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SEC Endorses Part of Mutual Fund Bill : Congress: Simpler prospectuses and relaxed ad rules get official's support. He voices concern about shareholder rights.

November 01, 1995|From Times Wire Services

WASHINGTON — The Securities and Exchange Commission on Tuesday endorsed provisions in a bipartisan House mutual fund bill that would simplify investor prospectuses and relax advertising rules, but it voiced reservations about other aspects that would lower shareholder-vote thresholds.

Barry P. Barbash, SEC investment management chief, testified at a congressional hearing on the Investment Company Act Amendments of 1995. These were introduced in February by subcommittee Chairman Jack Fields (R-Tex.) and Edward J. Markey (D-Mass.). The legislation seeks to reform mutual fund regulations for the first time since 1970.

Barbash told the House Commerce subcommittee on telecommunications and finance that the legislation would "further the commission's efforts to develop shorter, more investor-friendly disclosure documents, since advertisements would no longer be tied to the contents of a fund's prospectus."

The panel's hearing began as the General Accounting Office, the investigative arm of Congress, issued a report concluding that many banks and thrifts do not inform customers adequately of the risks of investing in mutual funds.

The GAO found that salespeople at only 32% of the institutions it surveyed disclosed all the risks they are required to under law.

In a separate development, Florida regulators are investigating whether at least four banking chains--NationsBank Corp., First Union Corp., Barnett Banks Inc. and Great Western Financial Corp.--may have misled bank customers about the risks of mutual fund investing.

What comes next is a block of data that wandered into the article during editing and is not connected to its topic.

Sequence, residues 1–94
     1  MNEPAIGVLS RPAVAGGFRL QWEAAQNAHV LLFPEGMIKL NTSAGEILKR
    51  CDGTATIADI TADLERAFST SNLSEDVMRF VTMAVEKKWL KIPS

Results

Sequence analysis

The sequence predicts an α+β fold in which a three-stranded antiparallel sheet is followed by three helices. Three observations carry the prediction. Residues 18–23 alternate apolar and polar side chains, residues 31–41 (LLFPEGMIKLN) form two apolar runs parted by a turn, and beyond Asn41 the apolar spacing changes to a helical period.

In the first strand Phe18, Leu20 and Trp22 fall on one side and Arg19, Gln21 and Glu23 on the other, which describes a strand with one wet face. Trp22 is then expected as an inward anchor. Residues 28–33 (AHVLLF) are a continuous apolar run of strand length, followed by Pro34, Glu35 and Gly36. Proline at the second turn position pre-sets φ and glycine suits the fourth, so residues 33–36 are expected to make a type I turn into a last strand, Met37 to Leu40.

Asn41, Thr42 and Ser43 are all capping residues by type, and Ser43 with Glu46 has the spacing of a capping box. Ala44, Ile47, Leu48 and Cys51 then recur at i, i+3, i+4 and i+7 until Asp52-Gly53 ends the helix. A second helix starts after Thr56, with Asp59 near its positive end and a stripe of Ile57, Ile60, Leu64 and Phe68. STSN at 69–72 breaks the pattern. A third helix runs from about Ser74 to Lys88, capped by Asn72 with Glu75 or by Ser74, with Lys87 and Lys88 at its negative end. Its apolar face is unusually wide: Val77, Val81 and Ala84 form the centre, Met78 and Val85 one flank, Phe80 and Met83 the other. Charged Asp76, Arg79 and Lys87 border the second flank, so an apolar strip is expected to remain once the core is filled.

Barbash told the hearing that current law limits funds' advertising to information already contained in their prospectuses. Some funds heap their prospectuses with unnecessary data so that that information can be included in their advertising, he said.

Barbash voiced concern about a section of the bill that would reduce the number of shares required to obtain investor approval on matters such as advisory fee increases and investment policy changes. "The new definition could in many cases result in a dilution of shareholder voting rights," he said.

The mutual fund legislation is separate from a controversial bill Fields introduced earlier this year that would pare securities regulation and reduce states' enforcement authority.

Barbash also expressed support for mutual fund bill provisions that would strengthen the independence of fund boards and lift restrictions on a fund's investments in other funds. And he endorsed sections to give the SEC rule-making authority to address misleading fund names and improve the agency's ability to examine questionable transactions.

The proposal would also give the SEC greater power to get financial information quickly about mutual funds during a market drop or a financial emergency such as last year's bankruptcy filing by Orange County.

Current law "is riddled with regulatory burdens that should be eliminated," Fields said.

Matthew Fink, head of the Investment Company Institute, a mutual fund trade group, endorsed the bill in his testimony.

As for the GAO's report: Federal banking regulators require mutual fund sellers to tell customers of four risks: that mutual funds are not insured by the Federal Deposit Insurance Corp., that they are not deposits, that they are not guaranteed by the institution and that owners could lose their principal.

GAO investigators found that sales personnel at 19% of the facilities failed to mention any of the risks. The investigators also estimated that 34% of the banks did not clearly separate the mutual fund sales area from the deposit-taking area, as federal banking guidelines require.

The Consumer Bankers Assn. disputed the report's conclusions.

"Our surveys show that the vast majority of banks not only disclose that funds aren't insured, but require written acknowledgment of this from the customer," CBA President Joe Belew said.

Consumers Union, a national consumer group, said the GAO report confirms other evidence of problems with mutual fund sales through banks and thrifts. "It gives us great concern," said Michelle Meier, a lobbyist for the group.

The GAO recommends that the SEC and federal banking regulators work together to develop a common approach for conducting examinations of banks' mutual fund sales.

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